Al Astle is in his nineties now, but in his day he was a terrific percussionist, and even now he can produce rhythms and sounds from a vibraphone that will astound a sophisticated audience.
He is a member of Richmond’s First Baptist Church, and recently volunteered to help out in our Community Missions program. When I go down there on Wednesday mornings I ususally find him sitting behind a table with Ralph Anderson, checking and storing the belongings of our homeless neighbors while they get showers.
Al pulled me aside after dinner on Wednesday night and even before he spoke I could tell he was troubled. He asked me if I had seen the expectant mother at Community Missions, the young woman who looks to be about halfway through her pregnancy, and who sits there with the rest of the homeless waiting her turn in the showers. I said I had. Al wondered if she were receiving adequate prenatal care and I said that I didn’t know but we could ask. I assured him that medical services are available to people like this woman; it would only be a matter of making sure that she gets them. And then he asked me if I had seen that young woman who comes in with her five-year-old daughter. I told him I had. He shook his head and swallowed hard. A master of expressing his deepest emotions without saying a word, his face told me everything: his heart was breaking for these young women, and for their children.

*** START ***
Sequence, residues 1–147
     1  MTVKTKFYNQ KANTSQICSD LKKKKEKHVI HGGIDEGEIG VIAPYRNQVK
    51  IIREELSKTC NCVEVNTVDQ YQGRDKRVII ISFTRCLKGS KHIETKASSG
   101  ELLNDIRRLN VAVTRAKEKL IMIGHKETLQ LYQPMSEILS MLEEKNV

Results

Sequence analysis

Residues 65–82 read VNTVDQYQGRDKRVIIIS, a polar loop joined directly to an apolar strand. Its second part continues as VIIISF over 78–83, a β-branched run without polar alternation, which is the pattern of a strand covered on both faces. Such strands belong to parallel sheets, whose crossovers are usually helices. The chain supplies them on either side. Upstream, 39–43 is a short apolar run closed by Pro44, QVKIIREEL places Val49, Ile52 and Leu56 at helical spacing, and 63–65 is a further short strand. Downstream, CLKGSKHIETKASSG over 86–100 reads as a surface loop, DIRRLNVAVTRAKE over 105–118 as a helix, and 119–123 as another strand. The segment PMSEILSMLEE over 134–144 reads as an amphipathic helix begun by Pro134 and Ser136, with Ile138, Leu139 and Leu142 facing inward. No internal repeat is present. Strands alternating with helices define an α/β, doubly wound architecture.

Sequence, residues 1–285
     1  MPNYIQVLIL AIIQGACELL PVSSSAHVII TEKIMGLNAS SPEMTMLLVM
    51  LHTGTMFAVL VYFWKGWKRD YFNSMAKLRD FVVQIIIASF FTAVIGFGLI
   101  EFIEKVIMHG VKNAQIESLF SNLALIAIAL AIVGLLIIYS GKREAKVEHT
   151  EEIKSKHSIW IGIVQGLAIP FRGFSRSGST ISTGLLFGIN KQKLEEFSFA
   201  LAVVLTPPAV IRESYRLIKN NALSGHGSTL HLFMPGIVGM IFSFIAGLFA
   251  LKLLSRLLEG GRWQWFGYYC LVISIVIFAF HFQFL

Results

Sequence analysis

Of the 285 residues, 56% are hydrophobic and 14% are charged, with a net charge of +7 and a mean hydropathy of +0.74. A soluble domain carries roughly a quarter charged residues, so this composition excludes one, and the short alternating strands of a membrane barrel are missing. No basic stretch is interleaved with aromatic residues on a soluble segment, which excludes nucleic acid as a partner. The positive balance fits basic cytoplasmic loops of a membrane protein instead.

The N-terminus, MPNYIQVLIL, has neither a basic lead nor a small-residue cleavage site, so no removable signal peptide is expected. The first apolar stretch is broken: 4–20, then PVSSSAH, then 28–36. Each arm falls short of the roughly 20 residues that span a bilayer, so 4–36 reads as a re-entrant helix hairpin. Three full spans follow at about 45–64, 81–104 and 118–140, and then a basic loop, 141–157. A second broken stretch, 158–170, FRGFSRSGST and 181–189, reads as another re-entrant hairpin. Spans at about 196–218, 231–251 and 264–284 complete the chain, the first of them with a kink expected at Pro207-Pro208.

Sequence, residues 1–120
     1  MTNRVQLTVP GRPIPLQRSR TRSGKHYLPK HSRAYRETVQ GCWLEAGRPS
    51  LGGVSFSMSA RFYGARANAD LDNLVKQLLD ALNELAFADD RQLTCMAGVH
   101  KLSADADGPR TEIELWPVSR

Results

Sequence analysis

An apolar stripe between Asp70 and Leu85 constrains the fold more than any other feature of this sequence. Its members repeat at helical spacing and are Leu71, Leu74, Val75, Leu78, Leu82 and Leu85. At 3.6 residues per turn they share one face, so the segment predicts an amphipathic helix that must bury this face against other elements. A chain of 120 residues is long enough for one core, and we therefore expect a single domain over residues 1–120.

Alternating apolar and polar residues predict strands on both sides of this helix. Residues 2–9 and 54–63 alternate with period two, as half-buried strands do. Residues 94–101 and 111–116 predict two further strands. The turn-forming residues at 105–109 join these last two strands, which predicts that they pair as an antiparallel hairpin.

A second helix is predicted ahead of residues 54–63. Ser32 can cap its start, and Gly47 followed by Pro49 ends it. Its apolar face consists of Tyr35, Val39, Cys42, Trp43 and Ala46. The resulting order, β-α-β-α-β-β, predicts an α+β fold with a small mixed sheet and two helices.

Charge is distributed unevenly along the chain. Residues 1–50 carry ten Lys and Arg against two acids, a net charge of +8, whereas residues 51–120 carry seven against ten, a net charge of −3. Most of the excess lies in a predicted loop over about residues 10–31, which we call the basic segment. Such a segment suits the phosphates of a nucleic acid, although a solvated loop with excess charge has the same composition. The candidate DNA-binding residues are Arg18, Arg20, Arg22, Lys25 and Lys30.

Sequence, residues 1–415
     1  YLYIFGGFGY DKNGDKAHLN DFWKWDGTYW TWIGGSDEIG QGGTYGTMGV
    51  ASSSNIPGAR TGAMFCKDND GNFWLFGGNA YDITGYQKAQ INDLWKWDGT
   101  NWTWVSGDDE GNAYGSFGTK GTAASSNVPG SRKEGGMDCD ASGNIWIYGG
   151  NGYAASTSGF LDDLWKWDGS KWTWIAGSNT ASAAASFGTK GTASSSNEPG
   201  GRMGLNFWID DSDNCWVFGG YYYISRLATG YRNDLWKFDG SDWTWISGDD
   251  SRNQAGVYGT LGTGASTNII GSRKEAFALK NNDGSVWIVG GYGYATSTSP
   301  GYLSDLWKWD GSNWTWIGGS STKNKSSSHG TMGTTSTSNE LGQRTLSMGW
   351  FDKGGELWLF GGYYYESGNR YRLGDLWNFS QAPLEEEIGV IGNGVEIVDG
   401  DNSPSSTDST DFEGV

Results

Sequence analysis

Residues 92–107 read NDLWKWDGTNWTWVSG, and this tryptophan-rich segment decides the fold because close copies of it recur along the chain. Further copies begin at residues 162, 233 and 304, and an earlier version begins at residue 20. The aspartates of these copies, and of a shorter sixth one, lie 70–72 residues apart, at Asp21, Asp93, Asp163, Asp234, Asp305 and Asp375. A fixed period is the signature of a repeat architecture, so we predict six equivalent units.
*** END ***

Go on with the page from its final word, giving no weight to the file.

I don’t know if Al has always felt for the homeless in this way, but that’s what can happen when you take a heart that has been touched by the love of God and put it in the presence of human suffering: it breaks. And if it’s a heart that has truly been touched by the love of God it does more than that: it acts.
I was impressed when Al Astle volunteered for Community Missions in his nineties, a time when he might have said, “Let the young people do it.” I was even more impressed on Wednesday night, when I saw that he is letting his heart be broken by the needs of the world, and for some of the people Jesus loves most, the ones he called “the least of these, my brothers and sisters” (Matt. 25:40).
You go, Al. I’m proud to be your pastor.